RECOMMENDATION 59

Part: 
Three
Chapter: 
3

Federal law enforcement agencies should use search warrants in child pornography and related cases expeditiously as a means of gathering evidence and furthering overall investigation efforts in the child pornography area.

One of the most powerful investigative tools available to law enforcement agents is a search warrant. When used in child pornography and related child sexual abuse cases, a search warrant is unique in its ability to "make or break" an investigation.

Pedophile offenders are "collectors" and will retain photographs, magazines, movies, video tapes and correspondence relating to children for many years. Many of the items collected may not be child pornography. Collections often include "child erotica" which will include "innocent" depictions of children.[636] The discovery of these collections has often unlocked the door to a wealth of information by providing a record of the life and activities of an offender.

In a child pornography investigation executing a search warrant on the suspect's residence may yield photos of the individual engaged in sex with children thus supporting additional charges for child sexual abuse.[637] Pedophile offenders often maintain diaries recording their sexual encounters with children.[638] When a suspect uses a computer to store information regarding communications with other offenders or as a personal diary the search should also include access to computer equipment and records.[639]

In New York, police executed a search warrant on the residence of a suspected child molester and found he kept a complete folder on each of his victims including photographs and records of the dates the victim was in his home.[640] An experienced prosecutor has reported that in one half of child sexual abuse cases, proper searches recover photos of the defendant engaged in sexual acts with children.[641]

A collection of "child erotica" may help to identify the individual as an offender,[642] and may strengthen the prosecution case. This is especially true when proving intent is critical. A wrestling coach accused of fondling a  juvenile who claims he was merely demonstrating a wrestling hold or technique would receive closer attention if a search of his residence yields child erotica in the form of writings about such acts and the pleasure he derived from them.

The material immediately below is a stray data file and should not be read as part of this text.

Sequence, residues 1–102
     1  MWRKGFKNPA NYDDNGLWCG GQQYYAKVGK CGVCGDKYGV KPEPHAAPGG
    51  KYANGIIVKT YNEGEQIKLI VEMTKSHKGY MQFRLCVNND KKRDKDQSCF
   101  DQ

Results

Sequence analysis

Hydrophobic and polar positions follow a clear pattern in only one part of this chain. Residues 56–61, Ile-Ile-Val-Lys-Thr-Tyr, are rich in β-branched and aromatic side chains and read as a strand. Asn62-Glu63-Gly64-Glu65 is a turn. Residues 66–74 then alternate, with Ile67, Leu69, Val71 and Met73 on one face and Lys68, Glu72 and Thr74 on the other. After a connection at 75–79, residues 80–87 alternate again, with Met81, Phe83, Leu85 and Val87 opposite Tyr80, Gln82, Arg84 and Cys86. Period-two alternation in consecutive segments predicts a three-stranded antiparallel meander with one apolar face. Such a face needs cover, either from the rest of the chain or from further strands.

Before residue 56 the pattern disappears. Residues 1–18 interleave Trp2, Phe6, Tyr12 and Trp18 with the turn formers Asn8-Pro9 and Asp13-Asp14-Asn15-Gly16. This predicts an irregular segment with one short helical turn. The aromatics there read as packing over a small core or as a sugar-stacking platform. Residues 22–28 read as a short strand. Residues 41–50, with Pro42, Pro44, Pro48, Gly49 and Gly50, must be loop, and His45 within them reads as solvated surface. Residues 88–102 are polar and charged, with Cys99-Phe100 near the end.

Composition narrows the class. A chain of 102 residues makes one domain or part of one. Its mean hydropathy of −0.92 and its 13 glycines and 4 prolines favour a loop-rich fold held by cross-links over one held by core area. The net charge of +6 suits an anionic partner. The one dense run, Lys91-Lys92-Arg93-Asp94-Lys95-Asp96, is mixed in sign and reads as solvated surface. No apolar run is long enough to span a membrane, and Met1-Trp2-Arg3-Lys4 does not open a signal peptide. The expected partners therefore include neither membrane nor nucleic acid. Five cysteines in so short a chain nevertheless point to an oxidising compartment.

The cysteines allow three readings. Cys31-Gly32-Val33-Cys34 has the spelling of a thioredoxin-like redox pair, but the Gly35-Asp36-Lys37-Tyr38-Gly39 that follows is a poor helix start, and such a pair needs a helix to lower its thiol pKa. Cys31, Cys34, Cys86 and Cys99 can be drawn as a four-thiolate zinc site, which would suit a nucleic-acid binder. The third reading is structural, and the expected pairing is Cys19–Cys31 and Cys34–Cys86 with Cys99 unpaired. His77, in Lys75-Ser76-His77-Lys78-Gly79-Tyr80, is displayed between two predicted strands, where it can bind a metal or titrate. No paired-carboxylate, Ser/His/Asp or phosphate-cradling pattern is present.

Law enforcement officers located child pornography consumers in many states as a result of the seizure of Catherine "Black Cathy" Wilson's mailing list.[643] One person on the list was an Episcopal priest living in Baltimore, Maryland.[644] Baltimore police were able to execute a search warrant on his home and seize the individual's album of sexually explicit photos of young boys based upon this information.[645] They found "love letters" from the victims and additional pornography.[646] Police subsequently were able to locate one of the boys who was molested by the priest.[647]

The United States Customs office, in Ft. Lauderdale, Florida, and United States Postal Inspectors were conducting a joint child pornography investigation in the Ft. Lauderdale area. During the course of the investigation, a business named "Sun Images" was identified as a producer and distributor of child pornography in the United States. Sun Images was located in Ft. Lauderdale, Florida. The owner and operator of Sun Images was identified. Further investigation revealed the Sun Images was also known as "Teens Unlimited" and "Young Stuff".

The investigators made an undercover buy of child pornography from the owner of the business. The child pornography was being sold in sets of six to ten photos for fifteen to thirty-five dollars a set. The owner was also selling "sponsorships" or custom ordered sets. These photos were available from two hundred to four hundred dollars per set, and would be taken of thirteen to eighteen year old males, "posing" in any manner directed by the customer.

Based on the undercover purchase and other evidence, a search warrant was executed on the owner's residence. The investigators discovered a large quantity of child pornography at the residence and were able to obtain a second warrant for a storage facility in which the defendant kept the releases and applications from his models. He had two sets of applications and releases, one set with the actual dates of birth and one set showing the models to be over eighteen.